Amtrak has completed its second summer of intense renewal work at New York Penn Station. Five intercity trains that have been operating at alternative stations since late May have returned to New York Penn Station.
“We are proud to announce that we’ve completed this renewal project on schedule and within budget,” said Scot Naparstek, Amtrak executive vice president and chief operating officer.
Amtrak’s Empire Service, Ethan Allen Express, Adirondack and Maple Leaf trains have been operating in and out of New York Grand Central Terminal since May 26 to allow for the renewal work to take place. These trains, which run between Northern New York and Canada, are now back at New York Penn Station. Amtrak also said the Lake Shore Limited, which provides service between New York City and Chicago has also returned to New York Penn Station.
This summer’s work focused on critical reconstruction of three major railroad infrastructure assets in New York City: The Empire Connection, Spuyten Duyvil Bridge and Track 19 at New York Penn Station.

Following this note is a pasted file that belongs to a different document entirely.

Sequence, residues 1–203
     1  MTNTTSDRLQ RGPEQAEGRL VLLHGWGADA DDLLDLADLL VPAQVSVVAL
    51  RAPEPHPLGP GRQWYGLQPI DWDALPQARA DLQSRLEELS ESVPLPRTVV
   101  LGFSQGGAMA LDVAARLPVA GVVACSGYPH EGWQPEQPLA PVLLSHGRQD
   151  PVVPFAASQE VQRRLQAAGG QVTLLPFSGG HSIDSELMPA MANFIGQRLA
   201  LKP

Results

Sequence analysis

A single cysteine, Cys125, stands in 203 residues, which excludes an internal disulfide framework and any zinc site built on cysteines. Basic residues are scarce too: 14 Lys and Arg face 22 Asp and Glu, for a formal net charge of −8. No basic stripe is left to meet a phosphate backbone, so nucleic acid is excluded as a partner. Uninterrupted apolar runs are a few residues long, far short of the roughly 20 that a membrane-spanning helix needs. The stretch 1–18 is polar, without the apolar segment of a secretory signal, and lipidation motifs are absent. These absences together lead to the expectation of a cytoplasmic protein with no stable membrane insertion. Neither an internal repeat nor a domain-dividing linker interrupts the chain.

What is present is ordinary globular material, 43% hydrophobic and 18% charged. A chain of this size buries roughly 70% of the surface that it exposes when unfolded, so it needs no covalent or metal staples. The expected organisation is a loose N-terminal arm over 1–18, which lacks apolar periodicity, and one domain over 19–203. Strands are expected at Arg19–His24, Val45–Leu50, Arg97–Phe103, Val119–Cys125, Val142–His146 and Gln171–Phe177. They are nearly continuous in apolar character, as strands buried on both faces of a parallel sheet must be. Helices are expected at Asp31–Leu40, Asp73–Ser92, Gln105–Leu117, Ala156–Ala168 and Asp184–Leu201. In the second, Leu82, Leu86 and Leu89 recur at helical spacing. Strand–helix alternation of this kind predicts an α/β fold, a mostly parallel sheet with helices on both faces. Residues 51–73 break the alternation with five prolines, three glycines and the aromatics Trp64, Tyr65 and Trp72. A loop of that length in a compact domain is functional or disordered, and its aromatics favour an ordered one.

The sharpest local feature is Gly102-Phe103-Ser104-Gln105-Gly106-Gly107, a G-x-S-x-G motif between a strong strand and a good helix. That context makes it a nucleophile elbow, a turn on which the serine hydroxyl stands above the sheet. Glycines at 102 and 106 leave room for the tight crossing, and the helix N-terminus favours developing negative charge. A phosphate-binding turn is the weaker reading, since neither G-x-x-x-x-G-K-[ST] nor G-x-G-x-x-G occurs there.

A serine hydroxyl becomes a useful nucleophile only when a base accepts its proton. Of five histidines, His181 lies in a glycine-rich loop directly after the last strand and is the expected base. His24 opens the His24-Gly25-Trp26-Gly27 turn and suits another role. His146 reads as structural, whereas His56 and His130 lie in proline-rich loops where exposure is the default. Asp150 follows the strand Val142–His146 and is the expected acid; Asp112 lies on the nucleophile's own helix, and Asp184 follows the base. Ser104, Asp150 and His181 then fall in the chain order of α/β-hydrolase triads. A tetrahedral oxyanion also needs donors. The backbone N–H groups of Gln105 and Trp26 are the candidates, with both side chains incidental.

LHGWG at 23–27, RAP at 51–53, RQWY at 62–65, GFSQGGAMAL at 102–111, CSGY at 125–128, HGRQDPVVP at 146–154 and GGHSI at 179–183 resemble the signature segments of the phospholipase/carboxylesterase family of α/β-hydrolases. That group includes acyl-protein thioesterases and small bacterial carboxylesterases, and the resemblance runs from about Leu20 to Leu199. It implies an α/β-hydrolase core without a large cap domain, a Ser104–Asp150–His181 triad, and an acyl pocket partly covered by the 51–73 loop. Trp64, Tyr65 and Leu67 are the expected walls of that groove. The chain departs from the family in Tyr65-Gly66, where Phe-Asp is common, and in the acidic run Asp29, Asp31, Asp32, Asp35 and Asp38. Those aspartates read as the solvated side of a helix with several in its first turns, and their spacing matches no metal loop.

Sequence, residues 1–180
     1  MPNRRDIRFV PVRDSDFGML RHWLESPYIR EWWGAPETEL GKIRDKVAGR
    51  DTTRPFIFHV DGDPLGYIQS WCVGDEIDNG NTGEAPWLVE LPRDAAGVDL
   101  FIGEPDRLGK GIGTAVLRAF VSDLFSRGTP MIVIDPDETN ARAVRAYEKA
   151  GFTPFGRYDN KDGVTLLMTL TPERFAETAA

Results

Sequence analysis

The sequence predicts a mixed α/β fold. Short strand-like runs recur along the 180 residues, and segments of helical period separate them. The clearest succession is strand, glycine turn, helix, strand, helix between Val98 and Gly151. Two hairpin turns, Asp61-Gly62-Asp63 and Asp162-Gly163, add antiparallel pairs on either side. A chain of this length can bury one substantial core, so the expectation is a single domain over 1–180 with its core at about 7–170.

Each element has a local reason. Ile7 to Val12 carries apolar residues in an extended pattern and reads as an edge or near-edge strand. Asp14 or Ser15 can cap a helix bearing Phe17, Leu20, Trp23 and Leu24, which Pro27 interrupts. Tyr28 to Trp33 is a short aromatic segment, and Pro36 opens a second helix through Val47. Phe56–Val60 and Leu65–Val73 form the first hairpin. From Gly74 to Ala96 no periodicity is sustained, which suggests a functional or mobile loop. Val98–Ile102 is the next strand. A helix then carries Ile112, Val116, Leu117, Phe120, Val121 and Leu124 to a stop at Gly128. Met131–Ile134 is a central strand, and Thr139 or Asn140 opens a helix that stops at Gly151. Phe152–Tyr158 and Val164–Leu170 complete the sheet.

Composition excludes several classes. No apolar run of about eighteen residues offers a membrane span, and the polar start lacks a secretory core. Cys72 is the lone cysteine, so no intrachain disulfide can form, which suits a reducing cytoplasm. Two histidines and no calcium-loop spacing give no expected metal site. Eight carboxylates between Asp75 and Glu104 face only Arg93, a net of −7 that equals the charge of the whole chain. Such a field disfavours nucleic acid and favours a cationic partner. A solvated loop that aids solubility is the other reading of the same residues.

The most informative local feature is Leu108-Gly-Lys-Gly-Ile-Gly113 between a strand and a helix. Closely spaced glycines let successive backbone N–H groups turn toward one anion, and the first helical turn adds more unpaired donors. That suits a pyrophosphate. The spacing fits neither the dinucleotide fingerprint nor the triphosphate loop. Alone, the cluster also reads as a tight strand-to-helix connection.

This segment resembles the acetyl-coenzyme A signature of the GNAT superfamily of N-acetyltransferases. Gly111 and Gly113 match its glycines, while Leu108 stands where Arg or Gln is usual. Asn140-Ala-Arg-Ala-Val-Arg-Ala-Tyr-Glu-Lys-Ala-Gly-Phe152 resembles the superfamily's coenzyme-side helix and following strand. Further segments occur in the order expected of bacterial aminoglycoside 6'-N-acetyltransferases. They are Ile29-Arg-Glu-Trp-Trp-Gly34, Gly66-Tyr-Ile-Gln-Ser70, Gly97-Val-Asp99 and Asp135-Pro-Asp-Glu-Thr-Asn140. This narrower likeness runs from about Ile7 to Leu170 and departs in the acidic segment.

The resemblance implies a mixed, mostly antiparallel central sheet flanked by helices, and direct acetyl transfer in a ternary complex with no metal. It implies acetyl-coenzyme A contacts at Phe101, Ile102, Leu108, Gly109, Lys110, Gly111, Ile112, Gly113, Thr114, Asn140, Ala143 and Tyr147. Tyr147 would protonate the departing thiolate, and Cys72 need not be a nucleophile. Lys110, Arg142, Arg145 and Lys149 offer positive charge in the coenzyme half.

Work on the Empire Connection included the replacement of track in the Empire Tunnel, as well as the replacement of crossties, grade crossings and 8,000 feet of continuous rail.
The Spuyten Duyvil Bridge received updated mechanical and electrical equipment, which Amtrak says had been corroded by the effects of Hurricane Sandy.
Three turnouts were replaced along Track 19, which also saw a total ballasted track and wood crosstie replacement.
Amtrak says the work keeps its infrastructure in a state of good repair and estimates the projects cost between $45 and $50 million to complete. The work is part of a more than $100-million overhaul Amtrak began last summer to renew its infrastructure at New York Penn Station. The railroad said the renewal effort is one element in its plan to modernize stations, infrastructure and equipment on the Northeast Corridor.